I was away from Singapore during the worst two days in Singapore's stock market history. As the world's stock market went tumbling down, I was sitting on a bed waiting for breakfast to be served. Do you ever have a feeling that the market always crashes when you're not around? It's like there's someone out there who just knew when to screw up the market when you're away on a holiday. Anyway, where did I go? I went Bangkok.
|I always go to Fuji restaurant in Bangkok for my Japanese food fix. I'm pleasantly surprised to see them opening up multiple branches. The sashmi there is to die for, especially with the low price.|
This was less than a week since a bomb went off near the Erawan shrine (the four-face buddha), so of course, it's with a little trepidation that I leave the safety of Singapore. This trip was full of incidents that, if I'm more superstitious, I'll have totally abandoned it. Here's a list of problems:
1. The bombing incident at Bangkok, which occurred less than 1 week before the schedule departure. It's like some godly power telling me to abandon the trip.
2. Unable to change, or postpone the trip, because of work and some un-claimable clause from travel insurance
3. During the check in of the flight at Changi airport, it was discovered that my name isn't on the list despite having a printed confirmation slip from Scoot. It was with a lot of phone calls back and fro to some call centre at Philippines that another flight scheduled 4 hours later can be arranged. Half the day is gone by then.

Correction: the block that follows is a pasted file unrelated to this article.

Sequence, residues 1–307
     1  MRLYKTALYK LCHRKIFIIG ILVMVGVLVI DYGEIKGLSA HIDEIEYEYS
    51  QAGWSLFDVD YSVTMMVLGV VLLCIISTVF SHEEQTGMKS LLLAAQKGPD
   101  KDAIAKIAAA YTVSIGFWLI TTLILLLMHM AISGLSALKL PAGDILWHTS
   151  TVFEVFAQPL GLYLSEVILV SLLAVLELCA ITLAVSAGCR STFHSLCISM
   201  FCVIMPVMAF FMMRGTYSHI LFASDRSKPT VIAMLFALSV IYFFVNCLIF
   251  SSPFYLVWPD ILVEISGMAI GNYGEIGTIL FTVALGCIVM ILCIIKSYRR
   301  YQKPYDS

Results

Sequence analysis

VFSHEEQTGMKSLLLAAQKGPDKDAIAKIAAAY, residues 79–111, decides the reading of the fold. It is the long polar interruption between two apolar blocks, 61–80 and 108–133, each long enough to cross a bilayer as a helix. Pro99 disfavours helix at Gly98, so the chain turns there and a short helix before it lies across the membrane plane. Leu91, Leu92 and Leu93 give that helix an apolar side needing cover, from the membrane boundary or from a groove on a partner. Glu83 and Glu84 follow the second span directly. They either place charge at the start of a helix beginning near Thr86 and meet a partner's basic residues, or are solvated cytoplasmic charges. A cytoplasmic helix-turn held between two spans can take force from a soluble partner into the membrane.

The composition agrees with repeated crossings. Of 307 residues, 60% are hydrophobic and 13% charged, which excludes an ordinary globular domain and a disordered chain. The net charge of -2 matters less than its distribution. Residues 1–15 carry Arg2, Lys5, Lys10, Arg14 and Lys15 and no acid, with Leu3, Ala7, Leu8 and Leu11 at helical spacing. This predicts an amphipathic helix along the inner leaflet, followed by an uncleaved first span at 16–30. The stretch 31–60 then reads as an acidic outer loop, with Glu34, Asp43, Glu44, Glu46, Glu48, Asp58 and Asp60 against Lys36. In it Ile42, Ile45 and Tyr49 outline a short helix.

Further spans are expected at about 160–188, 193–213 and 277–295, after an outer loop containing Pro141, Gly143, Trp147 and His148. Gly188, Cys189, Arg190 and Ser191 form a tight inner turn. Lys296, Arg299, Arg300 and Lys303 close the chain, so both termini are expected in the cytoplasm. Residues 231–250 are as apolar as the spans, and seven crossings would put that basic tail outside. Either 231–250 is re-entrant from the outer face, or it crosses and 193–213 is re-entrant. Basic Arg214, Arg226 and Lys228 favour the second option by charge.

4. After confirmation of the flight, it came to my knowledge that the hotel is not confirmed. So, this is the first time that I'm going overseas without confirmation of a place to stay.
5. Everything is settled once Bangkok is reached. But on our return flight, we realised that the baggage limit is reached. Why? Because the travel agency didn't include include it in, and we ended up having to pay another sum to settle the issue.
6. And the whole trip have to be marred by another flight delay by about 1h 30 min.
I seldom go on holidays, but when I do, I've the luck to experience all the cock ups known to frequent travellers, haha! Still, it was an experience to have it and perhaps some lessons to learn from all these 'mis-adventures' too. It makes me wonder why get any insurance in the first place lol! Thankfully, the insurance that I bought has this ubiquitous SG50 discount, so I'm paying $26 for two.
|These glistering little packets of carbs with the golden sweet Thai mangoes, poured with the slightly salty and warm coconut milk, is such a treat that I ate it everyday while in Bangkok|
How is Bangkok like? I've not been there for a long while..perhaps by at least 5 years? I think the Bangkok now is more cosmopolitan. On the basic level, there really isn't anything different from Singapore. There's a lot more tourist, especially middle eastern ones, who are all clad in black with the women entirely covered except for their eyes. They are looked upon by the locals with a little bit of curiosity mixed with caution, especially in light of the nationality and ethnicity of the bomber in the recent incident near Erawan shrine.
|This should cost about 60+SGD? Here's a very decent meal for 2 cost about 50+ SGD, including all the sashmi you ever wanted to try in Singapore but is deterred by the pricing.|